• Reducing tobacco smoking

  • Promoting high rates of immunisation

  • Implementing road safety laws and regulations

  • Adding important nutrients to the food supply

  • Reducing risk of stillbirth and sudden infant death

However, there is much more that can be done to address chronic disease. Even when specific interventions have shown promise, they require successful population-wide implementation to realise the benefits. 13

While all Australian governments invest in the prevention of chronic disease in different ways, the main focus of health systems in Australia remains on treating ill health after it occurs.

Only 1.34% of Australia’s health budget is currently dedicated to prevention, an amount that is considerably less than OECD countries Canada, New Zealand and the United Kingdom. 14

How can we improve chronic disease prevention in Australia?

We need to find better ways of building prevention into the health system and health financing.

We need to better implement, scale and evaluate prevention interventions to improve the lives of our population, and we need to involve other sectors such as transport, education and town planning.

Australian governments can also support prevention through increasing investment in prevention research. For example, the Prevention Centre is funded by the NHMRC, MRFF, several state and territory governments, and Cancer Council Australia.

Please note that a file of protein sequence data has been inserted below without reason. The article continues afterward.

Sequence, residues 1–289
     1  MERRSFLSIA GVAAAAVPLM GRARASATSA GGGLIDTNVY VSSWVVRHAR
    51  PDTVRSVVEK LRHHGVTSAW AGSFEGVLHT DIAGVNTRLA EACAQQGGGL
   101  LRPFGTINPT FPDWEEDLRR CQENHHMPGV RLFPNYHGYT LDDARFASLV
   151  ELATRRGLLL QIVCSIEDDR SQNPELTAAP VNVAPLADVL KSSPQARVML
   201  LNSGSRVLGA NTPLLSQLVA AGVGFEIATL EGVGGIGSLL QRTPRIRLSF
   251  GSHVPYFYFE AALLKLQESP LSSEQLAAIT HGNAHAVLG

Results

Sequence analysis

How can research support prevention?

Prevention policy and practice should be based on evidence of what works and what does not work, why, for whom and how. Greater investment in prevention research can help governments and communities understand, quantify and make the case about the value of prevention for improving Australians’ health.

The Prevention Centre and its related networks of researchers and Centres of Research Excellence are Australia’s leaders in prevention research that is impactful and relevant to the needs of policy makers, practitioners and the community. We have identified that prevention research should:

  • Use systems thinking

  • Address inequities in health

  • Understand the core drivers of disease

  • Partner with other sectors to focus on the co-benefits of prevention

  • Offer concrete and actionable solutions for policy and practice

  • Overcome the implementation challenges of preventive action

Is there public support for prevention in Australia?

Our research shows there is growing public support for governments to take action to protect people’s health. For example, 63.5% of people believe the government has a large or very large role to play in maintaining health.

For specific data on public support for prevention, find out about our Australian Perceptions of Prevention Study (AUSPOPS).

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  1. WHO Global Forum IV on Chronic Disease Prevention and Control. Ottawa, Canada; 2004. Prevention. http://apps.who.int/iris/bitstream/handle/10665/43208/9241593164_eng.pdf